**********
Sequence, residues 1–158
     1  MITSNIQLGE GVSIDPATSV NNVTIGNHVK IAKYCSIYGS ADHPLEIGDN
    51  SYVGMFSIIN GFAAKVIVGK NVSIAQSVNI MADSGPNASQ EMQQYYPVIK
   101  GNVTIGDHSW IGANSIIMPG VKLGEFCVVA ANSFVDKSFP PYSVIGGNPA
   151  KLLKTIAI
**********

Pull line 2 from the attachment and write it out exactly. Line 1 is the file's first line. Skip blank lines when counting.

     1  MITSNIQLGE GVSIDPATSV NNVTIGNHVK IAKYCSIYGS ADHPLEIGDN